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Page xiii Cite
Suggested Citation:"Front Matter." National Academies of Sciences, Engineering, and Medicine. 2015. Innovation, Diversity, and the SBIR/STTR Programs: Summary of a Workshop. Washington, DC: The National Academies Press. doi: 10.17226/21738.
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Suggested Citation:"Front Matter." National Academies of Sciences, Engineering, and Medicine. 2015. Innovation, Diversity, and the SBIR/STTR Programs: Summary of a Workshop. Washington, DC: The National Academies Press. doi: 10.17226/21738.
×
Suggested Citation:"Front Matter." National Academies of Sciences, Engineering, and Medicine. 2015. Innovation, Diversity, and the SBIR/STTR Programs: Summary of a Workshop. Washington, DC: The National Academies Press. doi: 10.17226/21738.
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Suggested Citation:"Front Matter." National Academies of Sciences, Engineering, and Medicine. 2015. Innovation, Diversity, and the SBIR/STTR Programs: Summary of a Workshop. Washington, DC: The National Academies Press. doi: 10.17226/21738.
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Suggested Citation:"Front Matter." National Academies of Sciences, Engineering, and Medicine. 2015. Innovation, Diversity, and the SBIR/STTR Programs: Summary of a Workshop. Washington, DC: The National Academies Press. doi: 10.17226/21738.
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Suggested Citation:"Front Matter." National Academies of Sciences, Engineering, and Medicine. 2015. Innovation, Diversity, and the SBIR/STTR Programs: Summary of a Workshop. Washington, DC: The National Academies Press. doi: 10.17226/21738.
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Suggested Citation:"Front Matter." National Academies of Sciences, Engineering, and Medicine. 2015. Innovation, Diversity, and the SBIR/STTR Programs: Summary of a Workshop. Washington, DC: The National Academies Press. doi: 10.17226/21738.
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Suggested Citation:"Front Matter." National Academies of Sciences, Engineering, and Medicine. 2015. Innovation, Diversity, and the SBIR/STTR Programs: Summary of a Workshop. Washington, DC: The National Academies Press. doi: 10.17226/21738.
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Suggested Citation:"Front Matter." National Academies of Sciences, Engineering, and Medicine. 2015. Innovation, Diversity, and the SBIR/STTR Programs: Summary of a Workshop. Washington, DC: The National Academies Press. doi: 10.17226/21738.
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Page viii Cite
Suggested Citation:"Front Matter." National Academies of Sciences, Engineering, and Medicine. 2015. Innovation, Diversity, and the SBIR/STTR Programs: Summary of a Workshop. Washington, DC: The National Academies Press. doi: 10.17226/21738.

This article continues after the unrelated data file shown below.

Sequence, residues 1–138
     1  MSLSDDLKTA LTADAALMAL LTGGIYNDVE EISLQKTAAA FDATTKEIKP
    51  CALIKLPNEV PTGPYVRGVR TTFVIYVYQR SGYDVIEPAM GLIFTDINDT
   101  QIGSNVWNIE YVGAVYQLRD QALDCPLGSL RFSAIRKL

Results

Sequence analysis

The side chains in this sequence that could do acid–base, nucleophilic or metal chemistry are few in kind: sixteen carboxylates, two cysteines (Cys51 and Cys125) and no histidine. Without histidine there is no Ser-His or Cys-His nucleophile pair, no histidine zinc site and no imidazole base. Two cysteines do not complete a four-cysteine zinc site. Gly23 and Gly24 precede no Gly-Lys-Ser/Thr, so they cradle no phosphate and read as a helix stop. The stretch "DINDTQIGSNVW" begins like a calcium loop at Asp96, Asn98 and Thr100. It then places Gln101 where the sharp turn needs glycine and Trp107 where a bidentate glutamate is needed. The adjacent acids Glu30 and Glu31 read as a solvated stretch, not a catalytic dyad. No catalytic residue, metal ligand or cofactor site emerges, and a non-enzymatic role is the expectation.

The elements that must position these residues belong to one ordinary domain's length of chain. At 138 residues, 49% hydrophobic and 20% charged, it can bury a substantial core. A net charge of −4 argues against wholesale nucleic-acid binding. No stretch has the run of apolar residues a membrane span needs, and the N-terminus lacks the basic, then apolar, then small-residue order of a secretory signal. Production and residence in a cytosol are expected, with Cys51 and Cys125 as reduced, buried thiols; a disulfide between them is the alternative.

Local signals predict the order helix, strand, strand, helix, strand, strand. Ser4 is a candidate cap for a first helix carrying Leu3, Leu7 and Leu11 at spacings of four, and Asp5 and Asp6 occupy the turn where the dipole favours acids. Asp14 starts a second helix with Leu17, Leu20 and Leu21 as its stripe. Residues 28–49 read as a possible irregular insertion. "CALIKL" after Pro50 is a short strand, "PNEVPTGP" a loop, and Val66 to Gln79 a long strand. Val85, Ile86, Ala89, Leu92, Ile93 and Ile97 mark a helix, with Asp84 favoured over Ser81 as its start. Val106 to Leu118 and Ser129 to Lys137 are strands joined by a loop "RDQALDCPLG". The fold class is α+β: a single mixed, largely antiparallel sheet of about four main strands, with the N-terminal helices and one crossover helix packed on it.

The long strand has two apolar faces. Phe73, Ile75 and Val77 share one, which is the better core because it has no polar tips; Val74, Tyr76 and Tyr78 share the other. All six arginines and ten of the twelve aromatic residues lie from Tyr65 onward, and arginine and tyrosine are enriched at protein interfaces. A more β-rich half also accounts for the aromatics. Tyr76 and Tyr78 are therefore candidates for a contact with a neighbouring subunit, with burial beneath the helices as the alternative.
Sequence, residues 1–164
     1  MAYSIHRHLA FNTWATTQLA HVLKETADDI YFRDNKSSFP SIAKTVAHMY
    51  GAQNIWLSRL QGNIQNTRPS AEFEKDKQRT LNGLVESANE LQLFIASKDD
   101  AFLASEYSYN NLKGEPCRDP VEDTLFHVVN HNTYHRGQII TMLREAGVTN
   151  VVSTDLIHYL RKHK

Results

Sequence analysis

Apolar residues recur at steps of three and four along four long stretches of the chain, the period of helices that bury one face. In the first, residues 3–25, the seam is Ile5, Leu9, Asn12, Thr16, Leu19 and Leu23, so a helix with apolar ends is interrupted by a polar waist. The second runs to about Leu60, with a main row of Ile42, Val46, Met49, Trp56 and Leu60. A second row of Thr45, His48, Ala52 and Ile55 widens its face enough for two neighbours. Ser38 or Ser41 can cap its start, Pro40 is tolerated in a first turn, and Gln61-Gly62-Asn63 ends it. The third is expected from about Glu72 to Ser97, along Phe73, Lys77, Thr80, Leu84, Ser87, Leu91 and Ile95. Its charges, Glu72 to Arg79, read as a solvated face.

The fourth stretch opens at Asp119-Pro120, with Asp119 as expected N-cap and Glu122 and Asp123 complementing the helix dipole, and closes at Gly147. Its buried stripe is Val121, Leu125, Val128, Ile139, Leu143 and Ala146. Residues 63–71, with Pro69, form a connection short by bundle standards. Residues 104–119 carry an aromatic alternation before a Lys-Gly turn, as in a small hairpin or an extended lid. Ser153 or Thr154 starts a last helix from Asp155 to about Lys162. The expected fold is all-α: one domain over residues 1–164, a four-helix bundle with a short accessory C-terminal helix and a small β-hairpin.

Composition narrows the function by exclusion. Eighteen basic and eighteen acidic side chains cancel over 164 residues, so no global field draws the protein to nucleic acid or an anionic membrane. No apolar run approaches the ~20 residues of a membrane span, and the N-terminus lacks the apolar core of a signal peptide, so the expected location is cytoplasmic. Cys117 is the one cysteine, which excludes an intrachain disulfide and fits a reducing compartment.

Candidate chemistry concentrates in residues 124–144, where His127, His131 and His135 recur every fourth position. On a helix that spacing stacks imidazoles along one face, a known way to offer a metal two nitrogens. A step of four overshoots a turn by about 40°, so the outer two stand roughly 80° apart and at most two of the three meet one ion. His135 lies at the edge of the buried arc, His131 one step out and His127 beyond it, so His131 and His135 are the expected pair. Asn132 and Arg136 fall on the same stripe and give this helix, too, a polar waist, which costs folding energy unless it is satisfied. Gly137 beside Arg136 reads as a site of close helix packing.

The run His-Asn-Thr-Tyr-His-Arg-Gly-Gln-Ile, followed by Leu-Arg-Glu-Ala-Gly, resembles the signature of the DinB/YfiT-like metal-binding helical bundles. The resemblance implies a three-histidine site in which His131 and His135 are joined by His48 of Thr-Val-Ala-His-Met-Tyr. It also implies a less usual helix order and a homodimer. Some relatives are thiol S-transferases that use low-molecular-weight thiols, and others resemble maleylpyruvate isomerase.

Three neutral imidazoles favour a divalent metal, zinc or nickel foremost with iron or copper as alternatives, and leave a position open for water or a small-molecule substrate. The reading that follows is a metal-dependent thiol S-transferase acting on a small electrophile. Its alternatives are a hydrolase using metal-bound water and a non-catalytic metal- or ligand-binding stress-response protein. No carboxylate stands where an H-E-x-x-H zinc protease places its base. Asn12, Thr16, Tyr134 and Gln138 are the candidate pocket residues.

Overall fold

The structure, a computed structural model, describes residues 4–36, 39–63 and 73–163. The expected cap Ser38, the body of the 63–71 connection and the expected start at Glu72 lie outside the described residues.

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Suggested Citation:"Front Matter." National Academies of Sciences, Engineering, and Medicine. 2015. Innovation, Diversity, and the SBIR/STTR Programs: Summary of a Workshop. Washington, DC: The National Academies Press. doi: 10.17226/21738.
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Suggested Citation:"Front Matter." National Academies of Sciences, Engineering, and Medicine. 2015. Innovation, Diversity, and the SBIR/STTR Programs: Summary of a Workshop. Washington, DC: The National Academies Press. doi: 10.17226/21738.
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Suggested Citation:"Front Matter." National Academies of Sciences, Engineering, and Medicine. 2015. Innovation, Diversity, and the SBIR/STTR Programs: Summary of a Workshop. Washington, DC: The National Academies Press. doi: 10.17226/21738.
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Suggested Citation:"Front Matter." National Academies of Sciences, Engineering, and Medicine. 2015. Innovation, Diversity, and the SBIR/STTR Programs: Summary of a Workshop. Washington, DC: The National Academies Press. doi: 10.17226/21738.
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Page xiii Cite
Suggested Citation:"Front Matter." National Academies of Sciences, Engineering, and Medicine. 2015. Innovation, Diversity, and the SBIR/STTR Programs: Summary of a Workshop. Washington, DC: The National Academies Press. doi: 10.17226/21738.
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Suggested Citation:"Front Matter." National Academies of Sciences, Engineering, and Medicine. 2015. Innovation, Diversity, and the SBIR/STTR Programs: Summary of a Workshop. Washington, DC: The National Academies Press. doi: 10.17226/21738.
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The Small Business Innovation Research (SBIR) and Small Business Technology Transfer (STTR) programs provide federal research and development funding to small businesses. One of the the goals of these programs is to foster and encourage participation by minority and disadvantaged persons in technological innovation. Innovation, Diversity, and Success in the SBIR/STTR Programs is the summary of a workshop convened in February 2013 that focused on the participation of women, minorities, and both older and younger scientists, engineers, and entrepreneurs in the SBIR and STTR programs, with the goal of reviewing current efforts to expand the pool of SBIR/STTR-funded researchers and of identifying mechanisms for improving participation rates. This report is a record of the presentation and discussions of the event.